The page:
Max Eden described himself as a free enterprise, Tea Party, school choice kind of guy who is not strong on either of the major party candidates. He argued that since 2008 a bi-partisan consensus on education in the United States has broken down and he placed much of the blame on federal overreach and botched implementation, especially excessive use of executive power by President Obama. Eden argued that education should remain a state and local initiative. He predicted that many of the reforms of the past two decades will eventually be jettisoned as states move away from using high-stakes Common Core tests to evaluate children, schools, and teachers.

Eden also described himself as "bullish on charters, choice, and vouchers." They will put money and the control of their children's education into the hands of parents where it belongs. According to Eden the current district-based system is not the only way to provide for public education and it is fundamentally unfair. Families that can afford to move into affluent communities get the best education for their children. Families trapped in poorer communities get worse performing schools for their children.

Kevin Welner concentrated on the historic shift in how the public perceives education, a shift promoted over a period of decades by a 50-state network of free-market advocacy think tanks with considerable funding. As recently as the 1990s, school vouchers were seen as unthinkable in most places, but a sustained and multi-pronged campaign changed the way that the public, the media, and policymakers think and talk about voucher-like policies. This shift and corresponding shifts around other forms of school choice show up in the platforms of both major parties. Welner stressed the importance of social movements and other types of counter-campaigns to bring public thinking and policy-makers toward understanding the importance of opportunity gaps.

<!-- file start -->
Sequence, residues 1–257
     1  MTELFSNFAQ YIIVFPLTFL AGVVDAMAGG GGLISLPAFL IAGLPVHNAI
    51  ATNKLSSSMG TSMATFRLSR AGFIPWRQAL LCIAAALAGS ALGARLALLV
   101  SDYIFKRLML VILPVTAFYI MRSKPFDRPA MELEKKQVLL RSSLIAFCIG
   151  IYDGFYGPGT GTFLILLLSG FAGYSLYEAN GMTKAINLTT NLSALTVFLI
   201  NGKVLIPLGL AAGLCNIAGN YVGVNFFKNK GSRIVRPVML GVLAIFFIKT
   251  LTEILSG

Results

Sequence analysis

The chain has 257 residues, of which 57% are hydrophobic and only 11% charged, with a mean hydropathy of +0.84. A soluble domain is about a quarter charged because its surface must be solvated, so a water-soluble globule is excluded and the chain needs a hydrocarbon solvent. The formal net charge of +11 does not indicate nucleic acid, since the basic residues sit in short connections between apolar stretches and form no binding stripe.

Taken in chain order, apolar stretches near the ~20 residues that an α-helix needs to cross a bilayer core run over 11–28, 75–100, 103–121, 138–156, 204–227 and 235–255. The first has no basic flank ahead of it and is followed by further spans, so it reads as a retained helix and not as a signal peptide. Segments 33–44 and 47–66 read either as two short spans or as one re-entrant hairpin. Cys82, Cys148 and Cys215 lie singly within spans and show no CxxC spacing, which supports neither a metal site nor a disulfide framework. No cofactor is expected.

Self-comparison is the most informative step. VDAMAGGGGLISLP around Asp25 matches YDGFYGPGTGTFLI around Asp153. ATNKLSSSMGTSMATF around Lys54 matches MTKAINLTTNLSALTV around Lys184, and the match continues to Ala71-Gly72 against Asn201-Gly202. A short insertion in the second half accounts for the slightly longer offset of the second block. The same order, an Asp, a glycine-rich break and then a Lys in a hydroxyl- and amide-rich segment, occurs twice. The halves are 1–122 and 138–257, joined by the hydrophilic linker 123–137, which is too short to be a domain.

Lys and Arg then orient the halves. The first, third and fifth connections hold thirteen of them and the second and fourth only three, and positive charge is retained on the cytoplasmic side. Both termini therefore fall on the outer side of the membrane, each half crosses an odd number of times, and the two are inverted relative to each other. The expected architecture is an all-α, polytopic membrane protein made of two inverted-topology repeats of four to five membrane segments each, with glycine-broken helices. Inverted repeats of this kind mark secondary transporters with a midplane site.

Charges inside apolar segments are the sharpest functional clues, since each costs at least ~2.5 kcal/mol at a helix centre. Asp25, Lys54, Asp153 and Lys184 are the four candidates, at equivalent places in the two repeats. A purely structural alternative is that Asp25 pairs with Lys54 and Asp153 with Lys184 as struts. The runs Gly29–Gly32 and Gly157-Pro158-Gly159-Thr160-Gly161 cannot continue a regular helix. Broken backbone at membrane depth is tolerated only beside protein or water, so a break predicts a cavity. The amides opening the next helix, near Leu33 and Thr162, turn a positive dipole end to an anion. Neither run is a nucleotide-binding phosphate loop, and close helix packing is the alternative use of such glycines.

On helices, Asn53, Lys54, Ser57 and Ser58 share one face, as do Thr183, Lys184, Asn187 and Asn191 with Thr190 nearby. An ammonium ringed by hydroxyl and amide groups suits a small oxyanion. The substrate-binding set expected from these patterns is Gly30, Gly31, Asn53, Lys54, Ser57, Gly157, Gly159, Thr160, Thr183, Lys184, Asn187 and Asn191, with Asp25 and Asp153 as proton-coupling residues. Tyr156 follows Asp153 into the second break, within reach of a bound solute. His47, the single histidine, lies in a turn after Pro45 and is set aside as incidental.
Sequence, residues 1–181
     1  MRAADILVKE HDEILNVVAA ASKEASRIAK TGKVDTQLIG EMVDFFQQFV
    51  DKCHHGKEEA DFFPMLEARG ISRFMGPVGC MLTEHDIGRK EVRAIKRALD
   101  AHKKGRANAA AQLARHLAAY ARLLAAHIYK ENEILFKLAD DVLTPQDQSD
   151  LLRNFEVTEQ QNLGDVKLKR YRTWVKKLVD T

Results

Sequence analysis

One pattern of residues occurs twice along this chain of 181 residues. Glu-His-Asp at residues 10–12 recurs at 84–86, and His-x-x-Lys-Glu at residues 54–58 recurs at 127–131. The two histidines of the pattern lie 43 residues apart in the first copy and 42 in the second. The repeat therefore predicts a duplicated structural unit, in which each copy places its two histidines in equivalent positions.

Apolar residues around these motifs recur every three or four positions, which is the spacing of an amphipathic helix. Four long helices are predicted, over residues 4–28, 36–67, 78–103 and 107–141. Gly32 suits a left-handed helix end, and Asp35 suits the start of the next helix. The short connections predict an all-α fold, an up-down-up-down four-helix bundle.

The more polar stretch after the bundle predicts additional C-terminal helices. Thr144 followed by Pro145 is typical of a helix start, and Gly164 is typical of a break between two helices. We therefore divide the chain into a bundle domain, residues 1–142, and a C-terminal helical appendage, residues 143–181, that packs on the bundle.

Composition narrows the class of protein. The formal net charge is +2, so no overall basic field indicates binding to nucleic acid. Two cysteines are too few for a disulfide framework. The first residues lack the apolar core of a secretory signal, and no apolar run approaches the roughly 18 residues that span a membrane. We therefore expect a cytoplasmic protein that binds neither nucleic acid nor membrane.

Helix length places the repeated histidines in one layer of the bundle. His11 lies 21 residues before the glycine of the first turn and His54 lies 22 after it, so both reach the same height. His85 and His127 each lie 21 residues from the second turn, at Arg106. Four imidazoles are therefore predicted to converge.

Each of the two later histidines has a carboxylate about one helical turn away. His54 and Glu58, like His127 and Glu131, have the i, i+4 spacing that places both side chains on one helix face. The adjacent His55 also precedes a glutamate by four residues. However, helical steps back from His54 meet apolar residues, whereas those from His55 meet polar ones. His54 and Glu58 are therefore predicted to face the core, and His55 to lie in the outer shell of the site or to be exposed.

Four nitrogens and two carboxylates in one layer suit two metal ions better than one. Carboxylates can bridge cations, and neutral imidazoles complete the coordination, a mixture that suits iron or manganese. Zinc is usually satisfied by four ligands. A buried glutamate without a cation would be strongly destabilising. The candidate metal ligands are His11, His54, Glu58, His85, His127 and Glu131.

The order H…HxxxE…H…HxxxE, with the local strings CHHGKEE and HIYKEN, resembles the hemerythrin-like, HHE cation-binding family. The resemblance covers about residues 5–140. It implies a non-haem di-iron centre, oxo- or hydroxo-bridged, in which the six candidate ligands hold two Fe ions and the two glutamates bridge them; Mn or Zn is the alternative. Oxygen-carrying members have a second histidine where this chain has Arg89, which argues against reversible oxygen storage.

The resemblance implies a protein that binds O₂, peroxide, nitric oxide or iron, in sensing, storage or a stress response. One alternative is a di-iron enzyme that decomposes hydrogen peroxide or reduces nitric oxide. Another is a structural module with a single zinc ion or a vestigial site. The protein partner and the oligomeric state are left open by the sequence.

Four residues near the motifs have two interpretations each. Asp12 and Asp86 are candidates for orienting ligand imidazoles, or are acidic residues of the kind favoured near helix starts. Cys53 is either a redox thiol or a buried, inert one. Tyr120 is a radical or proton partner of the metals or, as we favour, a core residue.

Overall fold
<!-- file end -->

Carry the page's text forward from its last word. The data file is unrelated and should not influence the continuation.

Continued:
John Hildebrand brought his reporter's perspective to the panel detailing the impact of the opt-out campaign by parents and teachers on Long Island. In many local school districts more than half of the eligible students sat out on recent England and Math tests. He attributed the movement's strength to a middle-class respect for teachers and an emerging populism. He also reported that the impact of the opt-out movement can be seen in school board elections and other local political campaigns. In their concluding comments, both Elfeda Blue and Andrea Libresco focused on the importance of public action, through voting, but also through organizing. Libresco also spoke of the potential of public schools to promote racial integration.

Yohuru Williams opened with a slide showing students protesting against standardized tests holding signs reading, "I am more than just a test score." To underscore that education must focus on more than high-stakes testing Williams quoted Thurgood Marshall's oral argument in Cooper v. Aaron (1958) that "Education is not the teaching of the three R's. Education is the teaching of citizenship, to learn to live together with fellow citizens . . ."